“In short, we think that too many shoppers who use Google for their shopping searches are getting ‘Scroogled’ when they should be getting fair, honest, open search. It’s like Ebenezer Scrooge met Google Shopping. We think consumers should be aware what they’re seeing when they’re shopping online and to understand, without any hidden text or traps, the fine print of what their ‘search engine’ actually searches.”

Despite these comments, Bing was almost immediately blasted in the tech media for its own Shopping results.

“Bing, after all, recently partnered with eBay’s Shopping.com,” writes Frederic Lardinois at TechCrunch. “While Bing previously allowed merchants to submit their own feeds for inclusion, the company now says that it is ‘not accepting new merchants for this program.’ Instead, Bing says, merchants should work with Shopping.com. One of the reasons for this according to Bing is that ‘paid offers will be highlighted throughout Bing Shopping, including search result and product pages.'”

Similarly, search industry vet Danny Sullivan covered the story under the headline, “Bing Attacks Google Shopping With ‘Scroogled’ Campaign, Forgets It’s Guilty Of Same Problems.”

Lardinois also shares a statement from Bing’s senior director, Stefan Weitz: “Bing includes millions of free listings from merchants and rankings are determined entirely by which products are most relevant to your query. While merchants can pay fees for inclusion on our 3rd party shopping sites and subsequently may appear in Bing Shopping through partnerships we have, we do not rank merchants higher based on who pays us, nor do we let merchants pay to have their product offers placed higher in Bing Shopping’s search results.”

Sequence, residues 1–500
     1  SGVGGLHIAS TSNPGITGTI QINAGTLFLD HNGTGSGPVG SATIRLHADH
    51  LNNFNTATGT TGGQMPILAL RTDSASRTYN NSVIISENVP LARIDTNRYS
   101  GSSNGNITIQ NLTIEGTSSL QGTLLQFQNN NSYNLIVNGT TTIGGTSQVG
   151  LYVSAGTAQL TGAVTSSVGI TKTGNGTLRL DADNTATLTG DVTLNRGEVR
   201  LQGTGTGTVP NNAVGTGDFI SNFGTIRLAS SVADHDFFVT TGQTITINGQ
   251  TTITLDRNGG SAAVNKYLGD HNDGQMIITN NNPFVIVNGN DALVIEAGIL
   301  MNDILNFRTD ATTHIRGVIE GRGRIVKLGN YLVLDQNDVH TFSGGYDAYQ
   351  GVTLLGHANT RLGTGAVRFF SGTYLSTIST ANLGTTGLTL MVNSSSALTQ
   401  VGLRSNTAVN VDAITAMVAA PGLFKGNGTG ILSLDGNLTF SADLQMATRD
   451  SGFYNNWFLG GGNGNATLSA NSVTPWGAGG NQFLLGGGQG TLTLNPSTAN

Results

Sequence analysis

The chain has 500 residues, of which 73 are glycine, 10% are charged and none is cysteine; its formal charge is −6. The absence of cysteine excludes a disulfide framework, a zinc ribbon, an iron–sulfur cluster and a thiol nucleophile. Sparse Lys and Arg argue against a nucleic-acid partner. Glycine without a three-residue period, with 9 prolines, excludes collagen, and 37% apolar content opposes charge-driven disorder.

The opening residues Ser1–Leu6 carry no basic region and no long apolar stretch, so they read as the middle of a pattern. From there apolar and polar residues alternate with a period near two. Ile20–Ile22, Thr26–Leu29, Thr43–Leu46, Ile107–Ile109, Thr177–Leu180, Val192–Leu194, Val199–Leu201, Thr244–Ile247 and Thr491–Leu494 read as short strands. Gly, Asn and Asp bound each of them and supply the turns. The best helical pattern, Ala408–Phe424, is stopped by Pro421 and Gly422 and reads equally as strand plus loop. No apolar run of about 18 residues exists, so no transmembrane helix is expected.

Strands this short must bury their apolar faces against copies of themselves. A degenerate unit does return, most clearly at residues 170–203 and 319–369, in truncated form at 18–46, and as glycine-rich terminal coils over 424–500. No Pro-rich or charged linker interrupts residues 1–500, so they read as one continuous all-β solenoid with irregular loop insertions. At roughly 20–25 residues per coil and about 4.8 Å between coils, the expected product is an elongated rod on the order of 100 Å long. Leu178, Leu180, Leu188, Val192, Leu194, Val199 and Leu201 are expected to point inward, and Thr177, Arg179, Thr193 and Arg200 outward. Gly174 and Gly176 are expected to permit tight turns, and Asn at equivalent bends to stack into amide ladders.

Google has said that ranking is based on a combination of relevance and bid price.

“Google now wants to break the rules that made it a trusted brand,” says Nichols. “They argue that the difference between answers and ads is shrinking. ‘After all,’ they recently said, ‘ads are just more answers to users’ queries.'”

On Google’s regular search results pages, when Shopping results do appear, they are clearly marked as “sponsored”. It is true that any disclaimer is a little less obvious when you actually go to Google Shopping, the destination. This disclaimer Nichols mentioned is found if you click on the link at the top of Shopping search results page, which says, “Why these products?”

It probably doesn’t help Google’s case that there is a set of more traditional-looking search ads at the bottom, which say something like, “Ads related to waffle irons”.

But on the other hand, I’m not sure consumers have ever cared so much about whether or not product search results were paid inclusion or not. It would be interesting to know how many shoppers are starting their product searches from the Google Shopping destination anyway. If you search for “waffle irons” on Google.com (which seems like a far more likely scenario than starting from google.com/shopping – even if you search Google for “Google shopping” you’re taken to google.com/ads/shopping), the top results are ads, followed by a set of results from Google Shopping, which are clearly marked as sponsored. The first organic results take you to places like Amazon, BestBuy, Bed, Bath & Beyond, etc.

Google, of course, maintains that the paid inclusion model works better for quality of results.

“We believe that having a commercial relationship with merchants will encourage them to keep their product information fresh and up to date,” said Sameer Samat, Vice President of Product Management, Google Shopping. “Higher quality data—whether it’s accurate prices, the latest offers or product availability—should mean better shopping results for users, which in turn should create higher quality traffic for merchants.”

It’s worth noting that Google is already losing shopping-related searches to Amazon (which has not participated in the new Google Shopping, but is usually easily found in top Google search results for products).

We’ve discussed the issues businesses have with Google Shopping multiple times in the past. That’s one thing. As a consumer, do you think you’re betting “Scroogled” by Google Shopping? Will you use Bing Shopping? Let us know in the comments.

What are your thoughts?
Comment Now…
Chris Crum has been a part of the WebProNews team and the iEntry Network of B2B Publications since 2003.